His principal part in the canvass was an address, under the auspices of the Anti-Imperialist League, at Cooper Union on September 28th. On November 5th he again wrote to Mr. Adams: “Now on the eve of the election let me say to you that for a considerable time I have not expected Mr. Bryan to succeed.” The ground of this feeling was the candidate's proceedings on the free-silver issue. Schurz added that he felt disposed at one time to withdraw from the campaign and keep quiet, but he concluded, as in 1872, that despite the candidate some good could be done by remaining active for the cause. Bryan's exclamation in a public speech in New York City, “Great is Tammany! And Croker is its prophet,” filled Schurz with intense disgust, which he expressed with “Bah! Wasn't it awful!” Writing a few months later to one of his old German friends, he said of this campaign of 1900: “My position then, as you well saw, was a real martyrdom. … That the cause against which I spoke would be victorious in the election was perfectly clear to me. But if I had not protested against it, I should have belied my whole moral existence.”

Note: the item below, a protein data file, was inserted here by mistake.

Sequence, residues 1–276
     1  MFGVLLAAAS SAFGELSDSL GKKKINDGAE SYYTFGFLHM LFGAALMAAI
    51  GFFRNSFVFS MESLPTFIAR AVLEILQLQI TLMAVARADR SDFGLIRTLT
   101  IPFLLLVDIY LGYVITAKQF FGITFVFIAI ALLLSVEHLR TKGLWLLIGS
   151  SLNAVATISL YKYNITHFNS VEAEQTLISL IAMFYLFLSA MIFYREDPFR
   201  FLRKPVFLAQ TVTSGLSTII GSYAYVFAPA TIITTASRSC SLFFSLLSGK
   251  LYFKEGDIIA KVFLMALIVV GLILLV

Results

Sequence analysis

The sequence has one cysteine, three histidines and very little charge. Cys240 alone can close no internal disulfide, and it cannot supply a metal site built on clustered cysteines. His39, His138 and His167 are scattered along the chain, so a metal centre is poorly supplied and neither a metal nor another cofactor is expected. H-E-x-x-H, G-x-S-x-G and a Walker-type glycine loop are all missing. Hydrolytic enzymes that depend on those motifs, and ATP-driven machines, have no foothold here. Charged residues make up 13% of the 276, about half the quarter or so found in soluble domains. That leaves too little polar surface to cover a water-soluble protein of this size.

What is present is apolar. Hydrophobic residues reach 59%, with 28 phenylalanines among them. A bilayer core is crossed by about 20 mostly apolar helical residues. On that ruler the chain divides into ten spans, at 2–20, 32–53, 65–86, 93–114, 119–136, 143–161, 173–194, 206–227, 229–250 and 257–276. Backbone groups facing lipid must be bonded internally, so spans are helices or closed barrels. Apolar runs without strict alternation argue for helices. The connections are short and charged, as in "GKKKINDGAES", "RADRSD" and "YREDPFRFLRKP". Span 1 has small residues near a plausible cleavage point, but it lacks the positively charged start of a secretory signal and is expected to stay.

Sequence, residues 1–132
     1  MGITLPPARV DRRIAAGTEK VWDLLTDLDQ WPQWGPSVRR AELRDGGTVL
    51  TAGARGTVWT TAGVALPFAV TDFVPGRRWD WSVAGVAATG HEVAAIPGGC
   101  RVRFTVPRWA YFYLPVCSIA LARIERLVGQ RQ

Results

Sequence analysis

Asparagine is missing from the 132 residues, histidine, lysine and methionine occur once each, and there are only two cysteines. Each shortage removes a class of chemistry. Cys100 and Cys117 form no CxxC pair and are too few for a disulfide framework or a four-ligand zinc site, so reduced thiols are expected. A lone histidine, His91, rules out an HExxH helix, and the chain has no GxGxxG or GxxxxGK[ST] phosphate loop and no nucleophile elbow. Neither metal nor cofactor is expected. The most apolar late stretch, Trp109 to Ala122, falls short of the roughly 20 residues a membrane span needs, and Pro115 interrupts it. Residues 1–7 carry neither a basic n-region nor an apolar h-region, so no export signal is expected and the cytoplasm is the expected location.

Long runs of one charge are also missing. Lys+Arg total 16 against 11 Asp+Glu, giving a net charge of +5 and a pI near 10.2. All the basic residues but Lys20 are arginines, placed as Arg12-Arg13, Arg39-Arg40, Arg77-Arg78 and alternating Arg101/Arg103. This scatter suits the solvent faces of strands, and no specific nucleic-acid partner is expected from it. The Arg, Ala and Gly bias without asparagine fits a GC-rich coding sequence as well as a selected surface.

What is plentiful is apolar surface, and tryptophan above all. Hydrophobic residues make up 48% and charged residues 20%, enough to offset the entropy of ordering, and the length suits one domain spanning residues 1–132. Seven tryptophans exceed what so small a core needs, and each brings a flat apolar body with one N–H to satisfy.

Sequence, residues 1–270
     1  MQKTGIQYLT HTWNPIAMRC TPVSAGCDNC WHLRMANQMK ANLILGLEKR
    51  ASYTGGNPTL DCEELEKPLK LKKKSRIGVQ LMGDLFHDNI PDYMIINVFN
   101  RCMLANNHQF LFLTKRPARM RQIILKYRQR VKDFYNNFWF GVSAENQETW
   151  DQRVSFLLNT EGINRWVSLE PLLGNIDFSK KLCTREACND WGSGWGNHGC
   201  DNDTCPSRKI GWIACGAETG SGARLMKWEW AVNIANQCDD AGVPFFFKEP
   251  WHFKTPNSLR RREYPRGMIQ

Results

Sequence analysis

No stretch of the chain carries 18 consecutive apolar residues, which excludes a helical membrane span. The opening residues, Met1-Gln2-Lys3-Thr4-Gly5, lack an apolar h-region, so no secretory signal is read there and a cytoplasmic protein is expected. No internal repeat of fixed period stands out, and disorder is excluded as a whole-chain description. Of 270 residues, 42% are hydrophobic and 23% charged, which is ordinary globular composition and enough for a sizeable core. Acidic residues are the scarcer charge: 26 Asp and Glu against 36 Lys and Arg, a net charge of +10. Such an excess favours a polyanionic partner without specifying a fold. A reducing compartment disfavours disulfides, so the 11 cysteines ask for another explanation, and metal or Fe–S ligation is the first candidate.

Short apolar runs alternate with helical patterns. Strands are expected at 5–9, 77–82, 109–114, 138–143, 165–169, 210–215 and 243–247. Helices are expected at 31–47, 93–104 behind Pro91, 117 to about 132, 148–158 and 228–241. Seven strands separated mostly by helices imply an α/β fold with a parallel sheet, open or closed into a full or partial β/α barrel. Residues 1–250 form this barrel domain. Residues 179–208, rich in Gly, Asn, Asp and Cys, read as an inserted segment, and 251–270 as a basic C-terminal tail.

The overwhelming triumph of McKinley in 1900 left Mr. Schurz in a very unhappy frame of mind. His faith in the American people and in the future of their institutions was rudely shaken. No room was left for doubt that the course of the administration in the insular matter was approved by the great majority of the voters. It was not in Mr. Schurz's nature, however, to abandon so righteous a cause. He continued to sustain the agitation of the anti-imperialists, whose special aims now were, first, to expose and check the demoralization of the army, as manifested in the inhuman methods employed in subduing the Filipinos; and, second, to secure some formal pledge from the government of the United States that Philippine independence was the ultimate goal of its policy. The counsel and drafting pen of Mr. Schurz, after Roosevelt succeeded McKinley in the White House, exerted considerable influence in checking the cruelties and in helping to bring about an official declaration, however vague as to time, that the Filipinos were some day to have their independence.